Breakdown: The Dutch soccer team is one of my favorites to watch. And for the first time in recent memory, so will their baseball team. They just missed my “dark horse” cut, due to sheer overall talent of the rest of the field. But the Major League potential of some youngsters on this roster is extremely intriguing. They’ve won 20 of 32 Euro Championships ever played. How they will win: Infield of dreams breaks out. Why they won’t: Not all the youngsters will perform.
**The Dark Horses**
#11: SOUTH KOREA
Notable player(s): Jae Seo, SP, former Met, Dodger, Ray in MLB
IBAF Ranking: 4
Breakdown: I feel ridiculous ranking Korea this low, considering their past successes in the WBC. But, it’s the third time this tournament has been played and each team has scouting on the opposition now. I don’t think South Korea will sneak up on anyone this time around. How they will win: High on-base percentage, good defense. Why they won’t: Too much good competition.
Notable player(s): Peter Moylan, RP, Dodgers
IBAF Ranking: 10
Breakdown: There’s a handful of good Major League players (like A’s closer Grant Balfour) who hail from the land down under, but there isn’t a whole lot of MLB experience on this roster. Team Australia still has a shot at advancing, but they may have more trouble than in years past. How they will win: Pure grit. Why they won’t: Not enough runs, upstart opposition in Pool B.
Notable player(s): Jesse Crain, RP, White Sox/John Axford, RP, Brewers/Jameson Taillon, SP, Pirates/Russell Martin, C, Pirates/Brett Lawrie, 3B, Blue Jays/Justin Morneau, 1B, Twins
IBAF Ranking: 6
Breakdown: We all know that Canada produces some bona fide stars in MLB (Joey Votto, anyone?), but not all are present and accounted for on this roster, similar to Team Australia. They still have the talent to make a run with Lawrie, Morneau and Martin in the middle of the lineup though. How they will win: Dominant bullpen, good middle of the lineup. Why they won’t: Too much youth in the rotation.
#8: CHINESE TAIPEI
Notable player(s): Chien-Ming Wang, SP, MLB Free Agent
IBAF Ranking: 5
Breakdown: There’s a reason that Team Chinese Taipei is a top-five ranked country right now. But their proudest current professional representative (Orioles pitcher Wei-Yin Chen) is not on the team yet. This team is still legit, and has a very winnable pool group. How they will win: Small ball. Why they won’t: Overall talent is lacking.
**The “Justtttt A Bit Outside” Group**
#7: PUERTO RICO
Notable player(s): Yadier Molina, C, Cardinals/Carlos Beltran, OF, Cardinals/Angel Pagan, OF, Giants/Mike Aviles, IF, Indians/Javier Vasquez, SP, MLB Free Agent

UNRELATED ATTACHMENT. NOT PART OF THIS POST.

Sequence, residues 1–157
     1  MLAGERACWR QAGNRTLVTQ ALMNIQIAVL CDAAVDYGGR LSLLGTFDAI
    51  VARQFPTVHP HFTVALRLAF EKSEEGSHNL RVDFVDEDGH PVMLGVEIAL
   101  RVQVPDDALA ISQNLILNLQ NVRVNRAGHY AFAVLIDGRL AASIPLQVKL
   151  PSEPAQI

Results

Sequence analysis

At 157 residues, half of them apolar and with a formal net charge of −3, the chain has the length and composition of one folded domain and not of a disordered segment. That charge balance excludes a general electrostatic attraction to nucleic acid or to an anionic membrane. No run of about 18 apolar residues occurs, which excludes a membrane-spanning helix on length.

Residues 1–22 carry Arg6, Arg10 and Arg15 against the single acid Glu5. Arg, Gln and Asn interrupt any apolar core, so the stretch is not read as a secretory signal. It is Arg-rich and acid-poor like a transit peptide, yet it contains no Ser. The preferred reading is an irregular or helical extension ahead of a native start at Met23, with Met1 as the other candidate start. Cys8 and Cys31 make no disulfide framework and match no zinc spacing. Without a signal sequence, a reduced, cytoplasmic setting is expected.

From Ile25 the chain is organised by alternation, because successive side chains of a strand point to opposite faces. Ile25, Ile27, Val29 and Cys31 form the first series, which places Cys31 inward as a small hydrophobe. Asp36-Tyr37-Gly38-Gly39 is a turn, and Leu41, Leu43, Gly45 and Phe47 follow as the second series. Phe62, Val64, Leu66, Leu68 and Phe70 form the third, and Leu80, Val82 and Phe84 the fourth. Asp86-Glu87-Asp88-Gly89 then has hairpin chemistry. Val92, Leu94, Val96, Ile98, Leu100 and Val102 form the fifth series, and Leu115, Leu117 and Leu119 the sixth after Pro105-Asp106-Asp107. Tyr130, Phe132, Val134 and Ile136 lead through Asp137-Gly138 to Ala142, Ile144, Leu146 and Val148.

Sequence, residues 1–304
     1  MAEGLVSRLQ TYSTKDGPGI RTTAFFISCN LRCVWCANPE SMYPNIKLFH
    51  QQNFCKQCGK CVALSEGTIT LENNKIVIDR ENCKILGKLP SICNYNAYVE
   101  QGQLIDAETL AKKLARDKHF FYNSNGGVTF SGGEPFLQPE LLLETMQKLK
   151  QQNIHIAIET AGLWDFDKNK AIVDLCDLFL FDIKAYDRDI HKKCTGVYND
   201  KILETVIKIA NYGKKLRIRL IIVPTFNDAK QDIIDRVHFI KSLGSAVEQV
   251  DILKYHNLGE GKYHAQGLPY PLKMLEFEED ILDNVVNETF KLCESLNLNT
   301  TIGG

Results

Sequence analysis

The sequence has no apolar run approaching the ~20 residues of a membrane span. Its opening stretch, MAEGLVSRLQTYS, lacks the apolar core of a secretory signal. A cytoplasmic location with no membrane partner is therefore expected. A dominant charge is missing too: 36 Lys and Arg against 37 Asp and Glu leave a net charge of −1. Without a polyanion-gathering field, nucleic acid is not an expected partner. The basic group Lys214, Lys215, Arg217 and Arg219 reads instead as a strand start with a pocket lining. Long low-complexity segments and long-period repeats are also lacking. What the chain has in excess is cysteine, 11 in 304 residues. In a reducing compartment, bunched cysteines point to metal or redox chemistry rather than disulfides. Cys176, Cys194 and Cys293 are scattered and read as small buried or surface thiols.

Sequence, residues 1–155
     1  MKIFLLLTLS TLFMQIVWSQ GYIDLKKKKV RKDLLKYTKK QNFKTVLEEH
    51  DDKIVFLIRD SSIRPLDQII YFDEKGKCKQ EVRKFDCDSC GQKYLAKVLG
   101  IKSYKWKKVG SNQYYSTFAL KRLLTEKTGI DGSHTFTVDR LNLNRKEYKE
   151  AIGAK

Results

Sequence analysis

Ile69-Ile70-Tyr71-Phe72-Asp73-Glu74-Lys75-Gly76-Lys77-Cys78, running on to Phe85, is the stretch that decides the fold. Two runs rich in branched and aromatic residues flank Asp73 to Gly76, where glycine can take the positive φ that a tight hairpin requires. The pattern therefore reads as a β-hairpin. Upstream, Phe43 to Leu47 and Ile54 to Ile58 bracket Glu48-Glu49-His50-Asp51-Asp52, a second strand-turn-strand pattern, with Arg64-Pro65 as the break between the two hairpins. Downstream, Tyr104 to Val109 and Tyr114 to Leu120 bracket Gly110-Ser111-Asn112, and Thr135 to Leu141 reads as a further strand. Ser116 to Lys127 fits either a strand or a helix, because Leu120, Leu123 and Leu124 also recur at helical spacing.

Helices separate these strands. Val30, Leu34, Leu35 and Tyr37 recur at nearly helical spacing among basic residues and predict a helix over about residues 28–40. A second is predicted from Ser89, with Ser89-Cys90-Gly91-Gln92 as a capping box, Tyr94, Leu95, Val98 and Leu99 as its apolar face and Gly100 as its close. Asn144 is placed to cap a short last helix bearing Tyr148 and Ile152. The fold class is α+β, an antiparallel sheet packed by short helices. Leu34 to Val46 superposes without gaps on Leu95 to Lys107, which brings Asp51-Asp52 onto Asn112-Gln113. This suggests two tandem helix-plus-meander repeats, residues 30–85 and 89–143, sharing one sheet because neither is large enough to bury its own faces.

IBAF Ranking: 12
Breakdown: There may be no more high-ceiling-yet-average team in the WBC this year. Team Puerto Rico has finished fifth at both tournaments preceding this, and killed Team USA in 2009 before being ousted by them two games later on a walk-off hit. Even with players such as Molina, Beltran and Pagan, they won’t even be favorites in their own pool. How they will win: The Major League talent they have is relentlessly good. Why they won’t: Lack of depth in the rotation.
Notable player(s): Adrian Gonzalez, 1B, Dodgers/Luis Cruz, 3B, Dodgers/Yovani Gallardo, SP, Brewers/Danny Espinosa, 2B, Nationals/Sergio Romo, RP, Giants
IBAF Ranking: 11
Breakdown: In their pool, Team Mexico will have to deal with Team USA, but other than that they should be favored to top Team Canada and Team Italy to move on. They have a decent infield, top-of-the-line ace, and one of the best closers in baseball. How they will win: Adrian Gonzalez goes off, Gallardo is dominant. Why they won’t: Romo is neutralized unless they have a lead late.
Notable player(s): None
IBAF Ranking: 1
Breakdown: Don’t let the lack of notable players deceive you — this team is good. Really good. They have played in the IBAF World Cup 29 times and won 25 gold medals, finishing second the other four times. In the WBC, Team Cuba has finished second and fourth (which, at the time, was their lowest finish ever in international competition). They just can’t legally have players like Aroldis Chapman or Yoenis Cespedes on their squad, otherwise they might be even better. How they will win: Hard-throwing starters, handful of five-tool prospects. Why they won’t: The top four teams are just too stacked.